Earlier this year, the United Nations estimated that 1.2 million Iraqis have been internally displaced and require assistance, and recent reports demonstrate that this problem continues to grow because of sustained sectarian cleansing. In addition, nearly a million Iraqis have left the country since the start of the war in 2003.
9. What is the status of the efforts to disband militias that operate independently from the Iraqi government?
The August Pentagon report on Iraq states that militias are more entrenched than ever before. In the past three months, the Iraqi security forces and the American military have stepped up operations against these militias. What is the status of this effort? How much progress has been achieved to date, and what are the major challenges ahead?
10. Does the Bush administration stand by its original certification that Iraq has not undermined the effort against terrorism?
The law authorizing the use of force in Iraq requires the President to consider the impact of an invasion on the ongoing war on terrorism. Specifically, before making the decision to invade, Congress required the Bush administration to certify that the Iraq war would not undermine the effort against terrorism. On March 18, 2003, President Bush submitted a letter to Congress in which he made clear his analysis that invading Iraq “is consistent with the United States and other countries continuing to take the necessary actions against international terrorist and terrorist organizations, including those nations, organizations, or persons who planned, authorized, committed or aided the terrorist attacks that occurred on September 11, 2001.”
11. What is the administration’s plan for rebuilding the damage done to the Army and Marines?
Several recent analyses demonstrate that operations in Iraq are exerting a negative effect on the strength of U.S. ground forces. The military operation in Iraq has eroded the strength of U.S. ground forces, causing equipment shortages for the Army and Marines. According to unclassified reports, two-thirds of the brigade combat teams in America’s fighting force are unprepared, and nearly every active Army combat brigade not currently deployed is not ready for battle. In addition, the Congressional Research Service recently estimated that the costs of Iraq represented nearly three quarters of all of the expenses for the offensive operations in the global war on terrorism, including operations in Afghanistan. Does the Bush administration have a plan and funding request to address the equipment shortages that have resulted from the extended engagement in Iraq?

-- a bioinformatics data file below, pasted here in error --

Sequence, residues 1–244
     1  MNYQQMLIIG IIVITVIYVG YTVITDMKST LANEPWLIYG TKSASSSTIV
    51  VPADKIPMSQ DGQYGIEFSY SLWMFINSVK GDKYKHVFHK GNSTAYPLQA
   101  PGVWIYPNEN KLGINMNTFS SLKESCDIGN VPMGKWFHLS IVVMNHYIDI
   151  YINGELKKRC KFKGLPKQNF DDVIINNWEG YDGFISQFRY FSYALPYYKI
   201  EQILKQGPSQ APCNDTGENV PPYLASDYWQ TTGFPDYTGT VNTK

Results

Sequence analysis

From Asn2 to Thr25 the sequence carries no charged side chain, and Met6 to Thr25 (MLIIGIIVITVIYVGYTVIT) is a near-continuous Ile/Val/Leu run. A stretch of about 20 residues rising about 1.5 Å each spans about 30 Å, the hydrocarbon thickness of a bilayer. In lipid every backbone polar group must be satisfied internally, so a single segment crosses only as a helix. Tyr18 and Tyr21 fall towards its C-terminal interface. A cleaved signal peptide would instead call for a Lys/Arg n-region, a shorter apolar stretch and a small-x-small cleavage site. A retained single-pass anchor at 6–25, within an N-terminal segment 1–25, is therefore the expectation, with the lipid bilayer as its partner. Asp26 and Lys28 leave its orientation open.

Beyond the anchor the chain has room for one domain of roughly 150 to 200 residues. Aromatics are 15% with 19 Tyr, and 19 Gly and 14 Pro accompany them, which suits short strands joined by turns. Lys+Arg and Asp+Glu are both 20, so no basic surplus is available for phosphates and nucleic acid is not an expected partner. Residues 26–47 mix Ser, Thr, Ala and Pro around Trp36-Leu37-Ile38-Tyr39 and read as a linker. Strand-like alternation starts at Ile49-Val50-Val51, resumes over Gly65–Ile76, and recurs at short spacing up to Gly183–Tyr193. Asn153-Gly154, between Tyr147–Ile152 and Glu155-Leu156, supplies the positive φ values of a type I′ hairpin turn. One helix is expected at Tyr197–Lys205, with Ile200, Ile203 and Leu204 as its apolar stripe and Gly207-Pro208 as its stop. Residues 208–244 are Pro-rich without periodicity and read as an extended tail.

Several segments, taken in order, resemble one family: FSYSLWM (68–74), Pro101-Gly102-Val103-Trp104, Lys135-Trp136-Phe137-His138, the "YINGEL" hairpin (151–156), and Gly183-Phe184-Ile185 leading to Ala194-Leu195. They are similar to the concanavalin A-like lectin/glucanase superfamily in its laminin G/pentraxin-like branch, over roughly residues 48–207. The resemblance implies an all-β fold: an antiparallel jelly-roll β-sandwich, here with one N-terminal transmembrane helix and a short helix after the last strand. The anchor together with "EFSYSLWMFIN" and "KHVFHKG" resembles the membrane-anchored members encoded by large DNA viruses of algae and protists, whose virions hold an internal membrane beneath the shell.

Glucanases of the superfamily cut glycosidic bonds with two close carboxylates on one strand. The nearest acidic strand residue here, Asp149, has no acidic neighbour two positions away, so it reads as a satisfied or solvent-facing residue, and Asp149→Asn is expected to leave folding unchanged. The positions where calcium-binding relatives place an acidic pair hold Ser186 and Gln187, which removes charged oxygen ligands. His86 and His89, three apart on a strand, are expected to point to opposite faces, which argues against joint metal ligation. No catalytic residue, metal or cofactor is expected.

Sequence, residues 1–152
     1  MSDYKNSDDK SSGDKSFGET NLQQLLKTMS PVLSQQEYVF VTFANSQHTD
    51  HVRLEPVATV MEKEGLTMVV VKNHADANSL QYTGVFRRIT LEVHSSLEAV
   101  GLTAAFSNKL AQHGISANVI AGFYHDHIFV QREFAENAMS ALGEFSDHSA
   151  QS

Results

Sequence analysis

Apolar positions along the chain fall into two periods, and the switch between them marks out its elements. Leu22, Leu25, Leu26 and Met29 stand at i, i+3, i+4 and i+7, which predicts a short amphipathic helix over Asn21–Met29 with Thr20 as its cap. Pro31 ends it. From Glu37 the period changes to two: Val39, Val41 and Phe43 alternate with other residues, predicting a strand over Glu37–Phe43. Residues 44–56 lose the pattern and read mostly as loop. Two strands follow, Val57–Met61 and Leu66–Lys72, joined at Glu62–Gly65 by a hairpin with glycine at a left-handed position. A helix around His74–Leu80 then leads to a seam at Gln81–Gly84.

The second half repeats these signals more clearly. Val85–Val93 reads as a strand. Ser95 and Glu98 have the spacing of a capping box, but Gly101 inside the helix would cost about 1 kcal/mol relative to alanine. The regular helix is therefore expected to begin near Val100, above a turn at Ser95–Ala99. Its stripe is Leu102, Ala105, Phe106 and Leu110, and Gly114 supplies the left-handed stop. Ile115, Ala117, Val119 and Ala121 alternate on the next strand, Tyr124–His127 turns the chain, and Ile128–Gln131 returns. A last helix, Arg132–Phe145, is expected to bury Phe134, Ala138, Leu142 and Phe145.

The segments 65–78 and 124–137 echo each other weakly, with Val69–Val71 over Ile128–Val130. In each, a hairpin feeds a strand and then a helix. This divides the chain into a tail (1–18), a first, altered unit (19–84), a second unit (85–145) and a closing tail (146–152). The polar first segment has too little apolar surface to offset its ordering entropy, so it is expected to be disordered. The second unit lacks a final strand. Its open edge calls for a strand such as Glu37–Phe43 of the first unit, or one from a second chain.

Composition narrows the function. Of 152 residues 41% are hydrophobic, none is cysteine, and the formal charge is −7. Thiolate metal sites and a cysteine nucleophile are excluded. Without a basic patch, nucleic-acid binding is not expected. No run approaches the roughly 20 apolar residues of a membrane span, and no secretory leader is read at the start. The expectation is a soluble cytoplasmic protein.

12. What is the plan to support and protect the Military Transition Teams assisting Iraqi troops?
U.S. Military Transition Teams are a key part of the Bush administration’s strategy for offering support to the nascent Iraqi security forces, yet reports have surfaced that these teams are not receiving sufficient support and equipment. In addition, some of these teams are isolated from the rest of the force, raising concerns about force protection.
13. What are the Bush administration’s long-term plans for construction of American military installations in Iraq?
Earlier this year, the Bush administration requested more than $1.1 billion for new military construction in Iraq—double what it plans to spend in Kuwait, Qatar, and the United Arab Emirates combined.
14. What is the status of provincial reconstruction teams for Iraq reconstruction and what have each of these teams achieved thus far?